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Here’s how the Reagan Ranch is helping cultivate the next cohort of conservative leaders

Since the 1960s, Young America’s Foundation has played a pivotal role in spreading the conservative message to young people across the nation and cultivating future right-of-center leaders.

The organization has bolstered conservatism through a number of ways, including campus chapters, bringing speakers to colleges, holding conferences and providing internships. There’s also another crucial tool in the group’s repertoire: the Reagan Ranch.

For nearly two decades, YAF has used Reagan’s former ranch, known as Rancho del Cielo, as a tool in its mission of immersing young Americans in the conservative movement. A feature article published earlier this month in the Los Angeles Times details a recent three-day conference held at the ranch and explains how the foundation uses the property as a “spawning ground for young conservatives.”

From the article:

One by one, chatty teenagers in jeans walked across the stone patio that Ronald Reagan built by hand to ring the bell at the former president’s coastal mountain ranch. Nancy Reagan tugged on that same rope decades ago to call her husband home for lunch when he was out horseback riding or working in the stable.

On a bright fall day, the Virginia-based Young America’s Foundation shuttled in nearly 100 teenagers from 46 different states for a three-day conference at Rancho del Cielo, hoping to summon Reagan’s spirit.

They were not there for a history lesson.

Instead, YAF leaders gave the high school students gathered at the late president’s properties modern-day pointers on what it means to be a Republican, and tips for fending off what the group views as the other side’s indoctrination.

The article notes that Reagan used the ranch as a “sanctuary from the pressures of the White House.” YAF acquired the property in 1998. Since then, the foundation has developed the 688 acre ranch into a “cathedral of conservatism” and turned it into an asset used to spread the conservative mission and educate young people.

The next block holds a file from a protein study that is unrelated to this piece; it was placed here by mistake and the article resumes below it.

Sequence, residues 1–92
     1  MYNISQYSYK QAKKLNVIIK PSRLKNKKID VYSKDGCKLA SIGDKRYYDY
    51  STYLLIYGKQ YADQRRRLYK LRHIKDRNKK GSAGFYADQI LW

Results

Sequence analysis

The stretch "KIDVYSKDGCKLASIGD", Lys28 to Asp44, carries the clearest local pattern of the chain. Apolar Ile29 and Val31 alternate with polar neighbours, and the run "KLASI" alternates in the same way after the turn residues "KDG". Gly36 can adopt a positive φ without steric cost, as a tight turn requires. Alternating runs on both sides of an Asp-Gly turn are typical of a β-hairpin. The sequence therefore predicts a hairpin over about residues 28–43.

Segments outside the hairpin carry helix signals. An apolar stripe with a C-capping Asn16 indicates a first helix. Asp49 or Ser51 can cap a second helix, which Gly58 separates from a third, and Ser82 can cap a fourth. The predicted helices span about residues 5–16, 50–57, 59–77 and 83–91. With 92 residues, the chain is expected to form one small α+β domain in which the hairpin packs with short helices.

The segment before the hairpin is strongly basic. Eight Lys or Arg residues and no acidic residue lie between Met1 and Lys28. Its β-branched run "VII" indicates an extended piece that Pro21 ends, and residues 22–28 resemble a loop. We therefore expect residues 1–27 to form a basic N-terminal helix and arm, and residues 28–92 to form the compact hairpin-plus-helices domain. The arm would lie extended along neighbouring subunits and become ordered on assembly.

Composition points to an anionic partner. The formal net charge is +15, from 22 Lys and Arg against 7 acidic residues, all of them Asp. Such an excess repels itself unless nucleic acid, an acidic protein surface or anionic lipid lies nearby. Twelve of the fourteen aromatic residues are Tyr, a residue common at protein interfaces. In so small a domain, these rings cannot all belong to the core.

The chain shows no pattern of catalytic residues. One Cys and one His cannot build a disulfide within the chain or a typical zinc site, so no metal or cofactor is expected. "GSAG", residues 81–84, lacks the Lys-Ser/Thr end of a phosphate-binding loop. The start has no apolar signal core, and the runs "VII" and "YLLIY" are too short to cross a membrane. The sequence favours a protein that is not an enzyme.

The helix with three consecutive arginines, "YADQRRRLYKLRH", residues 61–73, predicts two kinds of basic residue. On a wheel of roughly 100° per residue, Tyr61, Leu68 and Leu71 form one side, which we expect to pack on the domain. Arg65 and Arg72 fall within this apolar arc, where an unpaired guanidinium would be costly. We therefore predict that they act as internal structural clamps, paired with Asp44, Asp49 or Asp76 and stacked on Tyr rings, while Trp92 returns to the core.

The high school conference profiled by the Los Angeles Times included speakers that opined on topics such as media bias, liberal bias on college campuses and Islamic terrorism. In addition to the educational programming, the article suggests that the Reagan Ranch gives young conservatives a place to gather and discuss the challenges they face at their own schools simply because of their political views:

Early in the conference, when students took turns introducing themselves, many said they were ostracized at school for their conservative beliefs, sharing stories of their experiences.

Caleb Walzak, a 16-year-old sophomore from Savannah, Ga., said he felt out of sync with the rest of his classmates.

“If you say anything that goes against any of their opinions at all, you are shunned from all social interaction whatsoever. Basically your life is ruined,” Walzak said. “Stuff that they believe in is not what America is. Conservative is what American really is.

Read the entire article.

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